On Point: Mr. Kim's Neighborhood

by Austin Bay
May 14, 2003

Heroin, atom bombs, ballistic missiles and counterfeit cash.

Plot elements in a schlock spy thriller? Actually, they're NorthKorea's premier exports, the tawdry trade items of a poverty-wracked nationwhose ruling clique lives quite well on the profits of drugs, weapons,bribery and plain old criminal fraud.

At its iron and evil core, Kim Jong Il's North Korean regime isa criminal syndicate with a million-man army and now crude nuclear weapons.

It's also a frightened clique, whose latest nuclear tantrum hasnudged its Asian neighbors closer to accepting the U.S. view that the regimecannot be reformed and a "containment and negotiation" strategic approach toPyongyang simply gives the regime more time to deploy weapons of massdestruction. South Korea's "sunshine policy" of "generous engagement" was anutter failure, merely a cash cow for the North Korean regime.

North Korea's heroin escapades demonstrate the regime'scalculated depravity -- and why it ultimately has no place in 21st centuryAsia.

For years, the rumor mill had North Korean diplomats meetingembassy expenses by dealing drugs. The amounts were supposedly small -- akilo or two slipped in via diplomatic pouch, the proceeds going to keep thelights on and fund clandestine operations.

On April 20, an Australian special operations unit seized aheroin-loaded North Korean freighter in the Tasman Sea off the Australiancoast. A Washington Post story noted the freighter, the Pong Su, hadexpanded fuel tanks for long-distance operations and sophisticatedcommunications gear. Get cranking on that novel -- she's a spy ship turnedinto a specialized drug delivery vessel.

The Pong Su bust exposes drug trafficking as North Korean statepolicy. While other Asian nations invest in education and high-techmanufacturing, North Korea's Marxists put scarce resources into smugglingsmack. Heroin sales provide just enough cash to provide regime bigwigs withplush digs and, one supposes, further nuclear research.

Crime pays for Pyongyang. For a decade, the NoKo cartel ran asuccessful bribery scam. Pay us off and we won't make bombs was the dealPyongyang offered the Clinton administration in 1994. Washington suppliedheavy fuel and light water reactors. The United States hoped that meetingNorth Korea's basic energy and food requirements would ultimately reducebelligerency.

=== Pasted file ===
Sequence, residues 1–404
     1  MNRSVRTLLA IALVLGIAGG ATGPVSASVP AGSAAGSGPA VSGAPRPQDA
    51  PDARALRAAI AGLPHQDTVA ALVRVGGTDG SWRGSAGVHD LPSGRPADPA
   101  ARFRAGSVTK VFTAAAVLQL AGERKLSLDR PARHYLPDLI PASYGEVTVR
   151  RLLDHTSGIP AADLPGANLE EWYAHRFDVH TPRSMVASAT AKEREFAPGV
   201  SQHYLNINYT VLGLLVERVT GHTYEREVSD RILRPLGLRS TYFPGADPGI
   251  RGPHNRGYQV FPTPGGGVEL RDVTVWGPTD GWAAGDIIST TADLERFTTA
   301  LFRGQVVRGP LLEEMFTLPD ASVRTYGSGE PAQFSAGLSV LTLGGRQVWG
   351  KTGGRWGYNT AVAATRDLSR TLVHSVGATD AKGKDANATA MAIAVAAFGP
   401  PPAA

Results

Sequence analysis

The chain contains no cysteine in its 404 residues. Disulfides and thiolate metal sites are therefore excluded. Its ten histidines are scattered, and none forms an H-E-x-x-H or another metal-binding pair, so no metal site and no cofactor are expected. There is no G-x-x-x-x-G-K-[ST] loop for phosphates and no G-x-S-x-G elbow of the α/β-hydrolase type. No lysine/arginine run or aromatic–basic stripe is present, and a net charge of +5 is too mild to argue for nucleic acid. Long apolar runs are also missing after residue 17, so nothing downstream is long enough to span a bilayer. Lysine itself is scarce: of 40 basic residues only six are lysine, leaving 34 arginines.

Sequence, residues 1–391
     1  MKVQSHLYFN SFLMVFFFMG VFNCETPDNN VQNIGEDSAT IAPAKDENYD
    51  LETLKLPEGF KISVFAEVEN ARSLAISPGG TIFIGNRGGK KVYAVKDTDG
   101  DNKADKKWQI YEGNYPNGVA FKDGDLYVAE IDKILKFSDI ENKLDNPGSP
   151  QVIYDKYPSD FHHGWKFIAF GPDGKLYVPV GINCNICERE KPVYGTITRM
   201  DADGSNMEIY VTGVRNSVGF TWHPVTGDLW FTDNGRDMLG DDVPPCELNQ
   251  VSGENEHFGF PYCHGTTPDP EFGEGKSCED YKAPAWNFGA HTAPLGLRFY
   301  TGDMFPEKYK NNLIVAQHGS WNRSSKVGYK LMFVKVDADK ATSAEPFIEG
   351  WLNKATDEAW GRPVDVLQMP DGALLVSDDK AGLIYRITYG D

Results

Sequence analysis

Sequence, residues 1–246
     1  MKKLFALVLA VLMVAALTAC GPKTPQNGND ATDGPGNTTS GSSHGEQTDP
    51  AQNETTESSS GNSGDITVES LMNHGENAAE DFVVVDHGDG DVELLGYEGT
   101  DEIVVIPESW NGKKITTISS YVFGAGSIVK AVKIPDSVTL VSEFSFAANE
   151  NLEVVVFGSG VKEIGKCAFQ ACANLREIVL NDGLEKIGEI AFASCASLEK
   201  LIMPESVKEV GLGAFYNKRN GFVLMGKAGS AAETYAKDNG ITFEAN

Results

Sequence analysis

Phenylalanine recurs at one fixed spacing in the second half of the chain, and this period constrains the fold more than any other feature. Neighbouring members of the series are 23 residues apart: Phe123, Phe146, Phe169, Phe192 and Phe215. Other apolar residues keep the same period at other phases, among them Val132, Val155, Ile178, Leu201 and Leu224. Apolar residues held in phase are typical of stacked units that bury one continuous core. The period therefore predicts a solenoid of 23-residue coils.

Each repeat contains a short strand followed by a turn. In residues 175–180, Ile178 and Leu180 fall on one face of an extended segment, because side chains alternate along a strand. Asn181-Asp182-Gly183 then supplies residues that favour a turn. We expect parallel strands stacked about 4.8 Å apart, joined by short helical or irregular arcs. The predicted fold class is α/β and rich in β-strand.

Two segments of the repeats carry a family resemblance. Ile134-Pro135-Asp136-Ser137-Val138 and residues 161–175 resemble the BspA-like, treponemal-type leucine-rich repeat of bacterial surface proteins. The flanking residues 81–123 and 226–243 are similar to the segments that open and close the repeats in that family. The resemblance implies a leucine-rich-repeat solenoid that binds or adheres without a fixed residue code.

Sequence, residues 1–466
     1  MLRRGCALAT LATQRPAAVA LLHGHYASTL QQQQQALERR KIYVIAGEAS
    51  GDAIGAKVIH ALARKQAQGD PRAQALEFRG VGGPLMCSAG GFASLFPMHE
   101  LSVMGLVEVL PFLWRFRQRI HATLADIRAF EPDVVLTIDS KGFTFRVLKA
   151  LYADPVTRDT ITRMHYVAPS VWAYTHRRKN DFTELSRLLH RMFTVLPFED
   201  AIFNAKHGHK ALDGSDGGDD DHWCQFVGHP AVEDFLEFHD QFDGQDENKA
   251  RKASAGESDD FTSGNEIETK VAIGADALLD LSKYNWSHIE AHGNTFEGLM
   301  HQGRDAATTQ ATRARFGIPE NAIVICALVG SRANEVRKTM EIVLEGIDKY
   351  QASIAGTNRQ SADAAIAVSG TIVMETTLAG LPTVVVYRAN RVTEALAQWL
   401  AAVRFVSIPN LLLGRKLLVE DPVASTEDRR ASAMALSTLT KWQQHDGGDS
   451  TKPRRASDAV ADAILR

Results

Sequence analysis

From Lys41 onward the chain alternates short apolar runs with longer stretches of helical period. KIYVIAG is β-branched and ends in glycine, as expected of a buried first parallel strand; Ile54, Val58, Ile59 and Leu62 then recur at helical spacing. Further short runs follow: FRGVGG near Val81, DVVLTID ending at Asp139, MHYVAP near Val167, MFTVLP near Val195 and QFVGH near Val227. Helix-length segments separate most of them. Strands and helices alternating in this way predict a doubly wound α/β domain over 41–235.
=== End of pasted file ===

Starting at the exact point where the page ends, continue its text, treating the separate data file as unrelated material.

North Korea never canned its nuclear program, and last year theBush administration caught the cheats.

Now, Pyongyang's mobsters are into extortion. Unless Washingtonponies up cash, they threaten to sell nuclear weapons to interested buyers.Saddam's no longer in the market, but Al Qaeda is.

In the aftermath of Operation Iraqi Freedom, Pyongyang'sstrident threats sound, well, a bit too strident. While many militaryanalysts believe North Korea's would resist a hypothetical U.S. militaryattack, Kim's dictatorship knows it's vulnerable. Kim saw what "out ofnowhere" quick-reaction U.S. precision airstrikes did to the Iraqileadership.

Now the regime needs to know it's strident threats havebackfired.

Japan, the presumed soft touch in the blackmail scam, is nowdiscussing improving its offensive military capacity, and that could meanJapanese nuclear weapons. No one in Asia wants a militarily resurgent Japan,particularly China.

If the SARS virus worries Beijing, you can bet Shanghai thoseworries are small change compared to the political and military significanceof a Japanese bomb, or a high-tech Japanese Army and Air Force prepared forAsian expeditionary operations.

China is playing an important role in current North Koreannegotiations, but it must do more. If we're to avoid a nuclear disaster inAsia, the United States can't be the only cop on the beat. Beijing doesn'twant Japan wearing a sheriff's badge -- that means Beijing has to act like aresponsible regional power.

China sent North Korea a message when it briefly cut off oilsupplies, but brief doesn't cut it with these drug lords. Kim's regime saysimposing an embargo on North Korea is an act of war. But a "slow war" isalready being waged, with heroin an arrow in Pyongyang's arsenal. The UnitedStates is at war with Al Qaeda, and North Korea has threatened to sell AlQaeda nukes. Beijing knows this.

A "python" embargo -- an all embracing squeeze on Kim'sregime -- is rapidly becoming the best option for ending Pyongyang's crimespree. A real python embargo means no goods leave, no goods enter, by land,sea or air.

It's time for Beijing to decide if it's going to help police theneighborhood.

To find out more about Austin Bay and read features by other Creators Syndicate writers and cartoonists, visit the Creators Syndicate Web page at www.creators.com.

COPYRIGHT 2001 - 2018CREATORS SYNDICATE, INC.



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